After reading different blog posts and learning from the class, clearly inventory is valuable. How valuable probably depends on a company by company basis. However from my previous job experience, I found that maybe too much value was put on inventory. The past couple of summers I worked at Follett School Solutions, in the warehouse. Follett is basically a textbook distributor. We don’t make any books, we just buy and resell. Part of the job is finding the books in the large warehouse. After the books on the order are found, they are passed on to the next line of people (packers), who clean and pack the books. Finding and collecting books, especially a large order, can take a long time. After cleaning, packing and counting the books, often times the packer will realize that they are short some books. Once they realize this, they bring the books over to a different group of people (inventory auditors), who then look in the warehouse to get more books to fulfill the shorted order. Sometimes they don’t have the books on hand (in the warehouse) to complete the order. This is where I take issue with my company.
I’ll give a common example of a situation like this. Let’s say a school orders a variety of 300 textbooks in September that need to be shipped as soon as possible, since school has already begun. The packer sees that they only have 299 books, and they are short 1. They bring the order over to the inventory auditor, who then recounts to make sure, and then looks in the warehouse to find that 1 extra book. More times than not, the inventory auditor will come back empty in their search to find the missing book. Personally, I would ship out the 299 books on hand and then ship the 1 extra book as soon as I could. However, Follett does not do this. Follett will order 1 book from the textbook maker, and wait for the book to arrive, and just push the 299 books to the side. This could take 2 or 3 days and sometimes longer if the textbook company does not have a book on hand themselves. Meanwhile, the school that ordered these books is in session, and can’t begin teaching the subject since they don’t have the proper materials on hand. Ask any teacher how 2, 3, or 4 lost days can destroy a lesson plan. Yes, the school shouldn’t have waited so long to order the books, but still, Follett only makes matters worse by not shipping out a large order that needs to be sent ‘ASAP’.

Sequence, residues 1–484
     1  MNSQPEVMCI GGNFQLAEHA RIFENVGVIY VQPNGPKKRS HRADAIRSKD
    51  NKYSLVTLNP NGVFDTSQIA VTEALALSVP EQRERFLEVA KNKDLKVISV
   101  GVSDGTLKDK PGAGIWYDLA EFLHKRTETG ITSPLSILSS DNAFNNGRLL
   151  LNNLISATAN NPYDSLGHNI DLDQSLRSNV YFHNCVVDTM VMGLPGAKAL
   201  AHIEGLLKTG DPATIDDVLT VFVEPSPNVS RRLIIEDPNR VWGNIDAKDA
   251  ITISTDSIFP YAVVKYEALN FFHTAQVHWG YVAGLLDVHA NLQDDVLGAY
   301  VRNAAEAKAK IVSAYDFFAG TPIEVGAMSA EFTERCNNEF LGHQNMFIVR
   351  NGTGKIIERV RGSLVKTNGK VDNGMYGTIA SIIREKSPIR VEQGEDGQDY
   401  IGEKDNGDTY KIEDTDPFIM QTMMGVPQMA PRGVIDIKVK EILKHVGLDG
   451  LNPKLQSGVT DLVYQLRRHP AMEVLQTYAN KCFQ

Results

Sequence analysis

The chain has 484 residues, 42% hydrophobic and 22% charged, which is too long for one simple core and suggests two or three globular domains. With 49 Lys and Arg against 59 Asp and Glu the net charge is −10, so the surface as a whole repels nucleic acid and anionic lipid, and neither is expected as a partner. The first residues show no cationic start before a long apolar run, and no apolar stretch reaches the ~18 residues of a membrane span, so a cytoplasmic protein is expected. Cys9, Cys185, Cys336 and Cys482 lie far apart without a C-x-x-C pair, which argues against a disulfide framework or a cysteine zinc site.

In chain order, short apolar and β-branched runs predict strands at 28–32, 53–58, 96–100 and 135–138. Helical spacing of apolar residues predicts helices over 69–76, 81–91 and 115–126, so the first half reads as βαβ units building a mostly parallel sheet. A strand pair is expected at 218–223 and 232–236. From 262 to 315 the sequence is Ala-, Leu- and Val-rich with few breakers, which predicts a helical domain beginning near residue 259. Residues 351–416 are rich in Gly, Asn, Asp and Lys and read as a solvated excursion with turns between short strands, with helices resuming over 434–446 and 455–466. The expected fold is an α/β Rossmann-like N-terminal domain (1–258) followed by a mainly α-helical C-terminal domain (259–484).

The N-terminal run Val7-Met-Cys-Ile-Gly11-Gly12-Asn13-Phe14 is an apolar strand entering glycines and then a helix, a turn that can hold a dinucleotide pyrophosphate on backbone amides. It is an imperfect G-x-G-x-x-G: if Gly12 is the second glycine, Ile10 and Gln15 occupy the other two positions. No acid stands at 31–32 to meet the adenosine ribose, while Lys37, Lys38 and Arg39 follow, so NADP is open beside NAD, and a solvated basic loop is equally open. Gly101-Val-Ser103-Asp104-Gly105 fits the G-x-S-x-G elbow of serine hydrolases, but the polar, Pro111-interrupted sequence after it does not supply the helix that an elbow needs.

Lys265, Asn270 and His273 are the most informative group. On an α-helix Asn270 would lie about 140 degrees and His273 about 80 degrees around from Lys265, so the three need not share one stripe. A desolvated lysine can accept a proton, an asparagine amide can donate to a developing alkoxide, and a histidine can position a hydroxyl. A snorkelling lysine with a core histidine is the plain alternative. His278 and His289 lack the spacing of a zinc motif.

In my opinion, it’s not a big deal to just ship out 299 and then wait however long for the 300th book to arrive. I am not sure what these schools do while they wait for their books to arrive. In my opinion, the goal should be to get the books to the customer ASAP. Inventory is important, but jeopardizing and delaying orders because of being 1 short in inventory seems ludicrous to me.
Am I crazy? Or does this not make sense to you either?